LinuxQuestions.org
Latest LQ Deal: Linux Power User Bundle
Go Back   LinuxQuestions.org > Forums > Linux Forums > Linux - Server
User Name
Password
Linux - Server This forum is for the discussion of Linux Software used in a server related context.

Notices


Reply
  Search this Thread
Old 10-24-2013, 06:47 AM   #1
techie_san778
Member
 
Registered: Jul 2011
Posts: 90

Rep: Reputation: Disabled
Exclamation How to use regular expressions with find or with rm command ?


Hello Everybody,

I have a few files that have a ~ (tilde) at the end.
e.g. Document.txt~, output.log~ etc, output.o~.
My objective : Delete such files using regular expressions.
I can delete them using rm *.???~ but want to use the $ metacharacter to match the last character. I mean to say, i want to use $ to match the ~, which is the last character.
I first tried rm command :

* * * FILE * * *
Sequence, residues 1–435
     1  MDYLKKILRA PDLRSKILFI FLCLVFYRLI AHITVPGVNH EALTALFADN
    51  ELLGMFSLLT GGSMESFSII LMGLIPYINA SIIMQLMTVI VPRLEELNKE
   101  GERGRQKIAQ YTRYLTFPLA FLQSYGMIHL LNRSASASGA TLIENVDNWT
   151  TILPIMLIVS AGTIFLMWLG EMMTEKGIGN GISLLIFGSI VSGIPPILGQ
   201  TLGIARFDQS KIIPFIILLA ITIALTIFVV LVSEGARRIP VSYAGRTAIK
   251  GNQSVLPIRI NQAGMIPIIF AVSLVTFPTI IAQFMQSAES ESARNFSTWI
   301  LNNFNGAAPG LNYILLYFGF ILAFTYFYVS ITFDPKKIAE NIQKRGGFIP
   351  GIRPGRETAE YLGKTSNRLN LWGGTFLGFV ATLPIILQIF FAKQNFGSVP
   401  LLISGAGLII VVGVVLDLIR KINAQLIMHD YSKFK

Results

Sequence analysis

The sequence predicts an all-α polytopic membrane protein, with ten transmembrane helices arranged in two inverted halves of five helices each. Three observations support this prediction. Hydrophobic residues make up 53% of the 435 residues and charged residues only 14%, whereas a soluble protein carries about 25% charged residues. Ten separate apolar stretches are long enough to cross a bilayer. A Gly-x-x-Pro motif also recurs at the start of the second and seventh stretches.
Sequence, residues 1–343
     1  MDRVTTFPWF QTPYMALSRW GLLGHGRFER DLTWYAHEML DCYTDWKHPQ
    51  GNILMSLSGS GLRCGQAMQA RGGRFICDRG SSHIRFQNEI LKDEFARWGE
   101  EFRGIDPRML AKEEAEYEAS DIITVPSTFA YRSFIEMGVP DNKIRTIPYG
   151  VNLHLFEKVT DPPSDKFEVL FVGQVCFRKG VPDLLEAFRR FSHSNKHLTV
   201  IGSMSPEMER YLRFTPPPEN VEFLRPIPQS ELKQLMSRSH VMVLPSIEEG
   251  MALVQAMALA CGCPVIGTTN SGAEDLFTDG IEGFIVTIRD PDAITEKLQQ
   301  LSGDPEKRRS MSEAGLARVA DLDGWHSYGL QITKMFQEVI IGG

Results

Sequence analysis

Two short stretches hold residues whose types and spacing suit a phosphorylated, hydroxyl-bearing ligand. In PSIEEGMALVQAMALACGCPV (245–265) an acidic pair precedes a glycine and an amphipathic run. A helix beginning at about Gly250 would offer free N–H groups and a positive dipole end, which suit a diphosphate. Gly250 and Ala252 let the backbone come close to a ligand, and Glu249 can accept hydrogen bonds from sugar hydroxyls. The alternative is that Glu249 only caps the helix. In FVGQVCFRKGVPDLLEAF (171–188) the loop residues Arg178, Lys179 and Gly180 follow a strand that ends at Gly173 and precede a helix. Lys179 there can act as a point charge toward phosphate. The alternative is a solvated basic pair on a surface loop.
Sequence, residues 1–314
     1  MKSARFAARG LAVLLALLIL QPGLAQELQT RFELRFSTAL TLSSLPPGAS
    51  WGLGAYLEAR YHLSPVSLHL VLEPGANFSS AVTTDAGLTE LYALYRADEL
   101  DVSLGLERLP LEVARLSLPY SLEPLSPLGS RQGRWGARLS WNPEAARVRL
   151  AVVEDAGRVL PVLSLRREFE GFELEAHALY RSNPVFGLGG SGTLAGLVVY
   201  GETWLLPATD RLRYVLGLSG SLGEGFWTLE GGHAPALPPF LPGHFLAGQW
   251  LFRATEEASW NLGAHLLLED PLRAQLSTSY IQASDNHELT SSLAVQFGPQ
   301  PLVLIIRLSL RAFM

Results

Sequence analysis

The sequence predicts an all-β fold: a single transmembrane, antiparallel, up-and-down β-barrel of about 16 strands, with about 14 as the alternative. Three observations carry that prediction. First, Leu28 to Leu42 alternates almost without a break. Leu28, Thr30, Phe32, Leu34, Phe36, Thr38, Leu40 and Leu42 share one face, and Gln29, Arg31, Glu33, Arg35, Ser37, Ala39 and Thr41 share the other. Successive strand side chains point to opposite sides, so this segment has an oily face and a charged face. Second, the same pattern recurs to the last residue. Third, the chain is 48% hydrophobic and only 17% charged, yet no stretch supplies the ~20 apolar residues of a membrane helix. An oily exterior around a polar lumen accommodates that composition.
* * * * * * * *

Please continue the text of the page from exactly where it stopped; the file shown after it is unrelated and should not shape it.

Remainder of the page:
$ rm "~$" but it failed.
I then tried the find command :
$ find . -name "~$" -exec rm {} /; but it too failed.

Can someone how can i use the $ metacharacter in the rm or find command to delete the files ?
 
Old 10-24-2013, 06:55 AM   #2
pan64
LQ Guru
 
Registered: Mar 2012
Location: Hungary
Distribution: debian/ubuntu/suse ...
Posts: 9,904

Rep: Reputation: 2921Reputation: 2921Reputation: 2921Reputation: 2921Reputation: 2921Reputation: 2921Reputation: 2921Reputation: 2921Reputation: 2921Reputation: 2921Reputation: 2921
$ is not understood that way using find or rm, therefore it must fail. $ means end of line (end of string) when you use regexp, but rm and find does not use that kind of regexp. rm '*~' or find . -name '\*~' means exactly the same.
 
Old 10-24-2013, 07:08 AM   #3
syg00
LQ Veteran
 
Registered: Aug 2003
Location: Australia
Distribution: Lots ...